Ice age settlers who frequented what is now referred to as the Britannia Creek site, halfway between Dawson City and Fort Selkirk on the Yukon River, would be amazed to see that area today. The site they knew on a wind-tortured steppe thousands of years ago is now covered by dense forest.
Covered, that is, except for a few preliminary test pits dug since it was discovered by archeologist Kristin Soucey of Edmonton’s Altamira Consulting in 2009. Soucey was undertaking archeological impact assessment work associated with the proposed Casino mine.
In 2013 another Altamira archeologist, Margarita de Guzman, excavated further and realized the site (now registered as KfVi-3) could potentially answer many of the nagging questions about very early settlers along the upper Yukon River.
“They did some carbon dating on some of the sites and found that the Britannia site had a range of occupations dating 1,200 right up to 14,000 years ago,” says Yukon Development Assessment Archeologist Christian Thomas. That time frame is within generations of the earliest occupations of Alaska and the Yukon. “There are dozens of these sites in Alaska,” Thomas adds. “What makes the site interesting is it’s an ancient site in an area in which we have never found an ancient site before.” In fact this is the first 14,000-year-old site found in the upper 1,000 kilometres of the Yukon River valley.
The Yukon’s Britannia site features well-marked layers of windblown dust. Objects in the dust were radio-carbon dated back through 14,000 BP (Before Present) where a broken spear point was found in the oldest layers. So were a few charred mammal bones, tentatively identified as belonging to wolf, snowshoe hare, sheep and caribou, possibly leftovers from ancient meals.
A far richer store of artifacts has been unearthed in the upper levels of the site: microblades, stone tools, and chert and obsidian flakes. These date from only about 5,000 to 1,200 years ago, well out of the last Pleistocene ice age and well into the warmer Holocene epoch.
These more recent layers could provide their own special settlement clues. Jeff Rasic of the Alaska National Park Service has recently identified trade connections to Batza Tena, a rich source for obsidian on the edge of the Koyukuk River flats in Alaska. Inhabitants of later occupations of Britannia Creek were making obisdian microblades of glass-like sharpness.
Yukon site assessment archeologist Greg Hare cautions that our understanding of the Britannia Creek find is very preliminary. Work has been done on only about one per cent of the site so far. The key word associated with Britannia Creek right now is “potential.”
“We’re just starting to find what it may have been like for people living in far eastern Beringia
at this time (12,000 to 14,000 BP),” says Hare. They would have been only about 160 kilometres from the glacial ice front and maybe 400 metres from the Yukon River, whatever the river may have looked like then. “When people were living there originally, there would have been no trees – it would have been a wide-open shrub environment,” he says.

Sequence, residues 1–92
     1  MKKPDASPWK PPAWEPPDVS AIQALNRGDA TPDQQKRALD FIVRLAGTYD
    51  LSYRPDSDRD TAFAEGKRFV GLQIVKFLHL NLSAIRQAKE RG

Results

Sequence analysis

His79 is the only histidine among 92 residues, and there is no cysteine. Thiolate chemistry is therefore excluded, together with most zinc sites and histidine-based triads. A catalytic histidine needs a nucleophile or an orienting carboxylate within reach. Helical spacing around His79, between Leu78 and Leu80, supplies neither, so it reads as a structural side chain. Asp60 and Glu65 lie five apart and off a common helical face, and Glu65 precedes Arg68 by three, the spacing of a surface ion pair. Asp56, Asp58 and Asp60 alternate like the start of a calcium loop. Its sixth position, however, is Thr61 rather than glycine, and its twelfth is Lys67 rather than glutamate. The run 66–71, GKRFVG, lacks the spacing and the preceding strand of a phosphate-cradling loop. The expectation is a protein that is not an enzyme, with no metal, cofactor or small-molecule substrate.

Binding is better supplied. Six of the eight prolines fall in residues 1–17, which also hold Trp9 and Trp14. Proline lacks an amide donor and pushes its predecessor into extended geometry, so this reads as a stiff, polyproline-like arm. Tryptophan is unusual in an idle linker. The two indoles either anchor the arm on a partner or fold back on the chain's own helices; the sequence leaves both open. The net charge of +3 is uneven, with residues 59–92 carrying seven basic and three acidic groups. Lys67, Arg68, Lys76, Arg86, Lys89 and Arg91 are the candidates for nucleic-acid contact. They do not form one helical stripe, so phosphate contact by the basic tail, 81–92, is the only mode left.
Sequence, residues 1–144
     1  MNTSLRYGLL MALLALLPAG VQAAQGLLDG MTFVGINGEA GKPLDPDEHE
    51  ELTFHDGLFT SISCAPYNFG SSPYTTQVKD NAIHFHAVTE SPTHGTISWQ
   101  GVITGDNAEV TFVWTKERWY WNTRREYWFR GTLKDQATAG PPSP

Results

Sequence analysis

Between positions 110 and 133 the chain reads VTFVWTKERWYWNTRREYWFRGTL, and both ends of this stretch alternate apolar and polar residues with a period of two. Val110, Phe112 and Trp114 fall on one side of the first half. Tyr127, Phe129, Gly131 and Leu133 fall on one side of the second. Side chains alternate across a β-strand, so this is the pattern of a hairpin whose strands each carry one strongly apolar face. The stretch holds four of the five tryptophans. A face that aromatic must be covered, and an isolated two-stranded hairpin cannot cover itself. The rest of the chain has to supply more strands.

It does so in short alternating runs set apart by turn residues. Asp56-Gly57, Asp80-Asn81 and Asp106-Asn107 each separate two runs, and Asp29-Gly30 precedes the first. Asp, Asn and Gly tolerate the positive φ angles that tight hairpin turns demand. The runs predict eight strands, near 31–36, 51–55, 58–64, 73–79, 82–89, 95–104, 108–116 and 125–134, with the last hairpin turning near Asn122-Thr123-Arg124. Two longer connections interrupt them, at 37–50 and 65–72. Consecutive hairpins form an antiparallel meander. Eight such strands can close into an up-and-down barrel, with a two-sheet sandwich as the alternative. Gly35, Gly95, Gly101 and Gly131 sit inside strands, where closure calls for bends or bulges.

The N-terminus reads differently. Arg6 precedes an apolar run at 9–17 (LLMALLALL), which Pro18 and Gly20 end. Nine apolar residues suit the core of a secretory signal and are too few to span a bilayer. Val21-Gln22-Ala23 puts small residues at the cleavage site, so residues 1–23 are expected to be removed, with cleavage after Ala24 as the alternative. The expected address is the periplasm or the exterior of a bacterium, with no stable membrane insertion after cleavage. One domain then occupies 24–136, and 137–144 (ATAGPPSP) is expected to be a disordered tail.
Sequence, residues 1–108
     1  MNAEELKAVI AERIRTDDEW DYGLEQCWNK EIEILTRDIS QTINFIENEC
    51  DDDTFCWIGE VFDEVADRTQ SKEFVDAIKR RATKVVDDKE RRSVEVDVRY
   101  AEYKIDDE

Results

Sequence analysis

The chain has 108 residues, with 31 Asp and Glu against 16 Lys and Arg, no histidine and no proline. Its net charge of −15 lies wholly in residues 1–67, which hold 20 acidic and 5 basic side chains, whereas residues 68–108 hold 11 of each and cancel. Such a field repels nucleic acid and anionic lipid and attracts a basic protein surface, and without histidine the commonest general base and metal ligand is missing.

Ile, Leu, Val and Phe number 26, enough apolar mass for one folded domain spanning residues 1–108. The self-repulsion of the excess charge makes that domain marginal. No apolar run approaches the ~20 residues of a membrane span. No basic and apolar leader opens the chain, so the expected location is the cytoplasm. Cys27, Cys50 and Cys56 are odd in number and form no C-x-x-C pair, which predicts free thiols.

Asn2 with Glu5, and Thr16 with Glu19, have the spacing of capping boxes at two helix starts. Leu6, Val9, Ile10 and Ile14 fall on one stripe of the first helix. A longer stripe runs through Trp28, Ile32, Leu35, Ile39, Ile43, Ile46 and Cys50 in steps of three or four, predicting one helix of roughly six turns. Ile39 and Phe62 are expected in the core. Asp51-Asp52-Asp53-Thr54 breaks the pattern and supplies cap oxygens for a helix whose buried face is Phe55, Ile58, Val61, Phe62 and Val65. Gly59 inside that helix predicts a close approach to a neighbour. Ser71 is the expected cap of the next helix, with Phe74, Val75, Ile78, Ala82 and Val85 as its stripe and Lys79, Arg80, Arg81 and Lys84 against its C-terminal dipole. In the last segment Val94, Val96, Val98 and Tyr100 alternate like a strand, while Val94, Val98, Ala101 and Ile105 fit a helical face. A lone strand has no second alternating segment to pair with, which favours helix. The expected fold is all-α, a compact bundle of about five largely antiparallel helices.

“Would the glaciers have been significantly melting?” Hare asks. “Was the river just a little creek or was it a raging melt water channel from the glaciers?
“Were there fish this far up the Yukon River at this time? We don’t know.”
Hare contrasts their data with that of Yukon archeologist Norm Easton’s Little John site near Beaver Creek, and the myriad Alaskan sites which have been yielding up knowledge about the earliest-known Beringian settlers season after season.
For now, even finding a few charred salmon bones from before 12,000 BP, as Alaskan archeologist Ben Potter recently did over on the Tanana River in the U.S., could have a tremendous impact on our understanding of the daily round and technologies of the first Yukoners.
Could there be older human remains on the Britannia site? Were there settlers in the Yukon prior to a major colonizing movement around 14,000 years ago? Could this multilayered site have another and older surprise in store?
Our understanding of the peopling of the Americas is bracketed by two important understandings. Scientists in Russia have found artifacts from people who were perched at the western edge of Beringia about 27,000 years ago and archaeologists from the Universidad Austral de Chile have got people living at the southern tip of South America 14,000 years ago, says Thomas. At some point people passed through Alaska and the Yukon and very soon thereafter the Americas are populated.
Britannia Creek opens a new chapter in the Yukon, one that will hopefully complement all the work Norm Easton has done at Little John, says Hare.
Yukon archeologists will be returning to the Britannia site this summer. They will likely be accompanied by a soil scientist to help them “conjure” in their minds a clearer image of what the area looked like when first used by humans.
Further excavations will bring yet another valuable opportunity, says Thomas.
It will provide a chance to collaborate with both the Selkirk First Nation and the Tr’ondek Hwech’in, whose territories overlap at the site.
Hopefully, the site has potential to develop into community heritage project, like Fort Selkirk, Thomas says. It will be an opportunity for people in the communities to get a good look at how the very first people discovered and used their traditional territories.
“It will allow them to imagine what life would have been like under very different conditions,” adds Hare.
(For more on a related Alaskan find on the Tanana River, see Your Yukon for March 6, 2015: ‘Out of the blue’: Surprise human remains and artifacts tell an ice-age tale).
This column is co-ordinated by the Yukon Research Centre at Yukon College with major financial support from Environment Yukon and Yukon College. The articles are archived at http://www.yukoncollege.yk.ca/research/publications/your_yukon